Floating 'ice platters' touted for Arctic oil rigs
Canadians may start using ice blocks for something other than igloos. Norwegian engineers are doing the rounds here to convince Canadians that taking ice to the frozen north - of all places - would be good business. The blocks would be used in construction of oil production platforms in the Beaufort Sea, north of mainland Canada in the Arctic Ocean.
Eystein Husebye says ice, especially the freshwater variety, is one of Mother Nature's best construction materials. ''We have neglected to turn the numerous unique qualities of ice to our advantage,'' the Oslo-based consultant said in an interview.
Aker Engineering A/S, working in concert with Mr. Husebye, is about to make good on this glaring technical omission, provided Canadians are willing to share in the venture. Arve Marthinsen, a marine engineer working with Husebye and Aker , proposes to build huge gravity-ice-islands, possibly on the west coast, and then haul them to the Beaufort Sea.
The pie-shaped structures poured of freshwater ice inside a protective steel skin are said to be virtually indestructible. They also represent a combination of materials claimed to be cheaper than the other options - gravel islands, floating cylindrical contraptions, or subsea installations - intended for the offshore production and storage of crude. The ice islands, once ready, would be towed by tugs to their northern destinations for assembly and positioning at permanent locations.
Mr. Marthinsen says the tentative price tag on a 50,000-square-meter (60,000 -square-yard) ice island, capable of storing up to 5 million barrels of oil to be pumped from a cluster of wells below decks, would be around $162 million (Can., or $136 million US).
''It compares very favorably with the gravel island-lagoon concept (pioneered by Dome Petroleum Ltd.), and as we get into deeper water (in the Beaufort Sea) the practical and the cost advantages of our scheme become that much more obvious,'' Marthinsen says.
Gravity ice islands, as the name implies, would be kept in place by the natural forces at play offshore. They can be built to customer specifications and come in much larger sizes than their gravel island counterparts.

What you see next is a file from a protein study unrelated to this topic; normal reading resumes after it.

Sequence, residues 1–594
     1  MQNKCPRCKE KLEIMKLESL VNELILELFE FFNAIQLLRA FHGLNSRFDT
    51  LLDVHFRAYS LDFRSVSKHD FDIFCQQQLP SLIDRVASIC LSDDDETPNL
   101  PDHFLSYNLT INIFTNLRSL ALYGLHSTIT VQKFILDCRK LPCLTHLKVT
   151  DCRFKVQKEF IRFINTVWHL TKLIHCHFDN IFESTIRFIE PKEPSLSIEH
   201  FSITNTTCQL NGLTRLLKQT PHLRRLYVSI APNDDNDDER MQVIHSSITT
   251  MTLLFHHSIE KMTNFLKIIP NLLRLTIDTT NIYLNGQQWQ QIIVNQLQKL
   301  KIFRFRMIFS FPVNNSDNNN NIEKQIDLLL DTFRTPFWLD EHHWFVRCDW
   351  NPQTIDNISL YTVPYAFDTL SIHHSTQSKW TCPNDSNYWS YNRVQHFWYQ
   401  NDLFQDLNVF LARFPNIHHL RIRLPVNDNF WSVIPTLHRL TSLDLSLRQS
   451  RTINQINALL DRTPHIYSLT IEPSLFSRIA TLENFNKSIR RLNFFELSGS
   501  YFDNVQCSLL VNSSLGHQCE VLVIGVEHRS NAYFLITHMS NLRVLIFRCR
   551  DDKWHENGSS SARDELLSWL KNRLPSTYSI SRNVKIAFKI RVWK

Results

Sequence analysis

Dome, Esso Resources Canada Ltd., Gulf Oil Canada Ltd., and others with Arctic offshore interests have been building gravel islands at up to $50 million apiece for several years, mostly in the shallower coastal waters of the Mackenzie River delta of Canada's far north. Dome will be using a gravel island to explore further its promising Tarsiut location, farther out at sea, during the next winter months.
The Norwegians say all the Beaufort Sea operators are interested in the ice island concept, but no one has yet committed himself to spend money on a feasibility study or a prototype. Even though there is an awful lot of the cold stuff around, Canadians now only make a cursory use of ice in the form of ice roads and ice bridges in remote places.
Yet during World War II, a top-level British-Canadian team of experts had been assigned to the hush-hush ''Habakuk'' project, whose never realized goal was to build an aircraft carrier of sorts from blocks of ice. It was to facilitate the ferrying of airplanes from North America to Western Europe. These airplanes were then unable to make the transatlantic crossing in one hop. Hostilities ended before the ice could be turned into a giant floating base in the mid-Atlantic.
The wartime effort, however, led to a wealth of knowledge about the properties of ice and materials such as sawdust that might be mixed in to increase its strength. One of the results was ''inert ice,'' which does not expand when freezing and which remains both sturdy and stable.
The Norwegians also plan to add sawdust to their ice constructions from the plentiful stockpiles of British Columbia's sawmills. They are preparing laboratory test tank evaluation of the ice island concept here, which could lead to a full-fledged feasibility study perhaps next year. The real thing could follow within three years.
Crude oil production is anticipated in the Beaufort Sea by 1986. Husebye is convinced that a worldwide market of considerable potential exists for ice island or ice-cored platforms, which incidentally may be used in tropical climes , too. The Norwegian technology ensures that the ice islands do not melt away, he claims.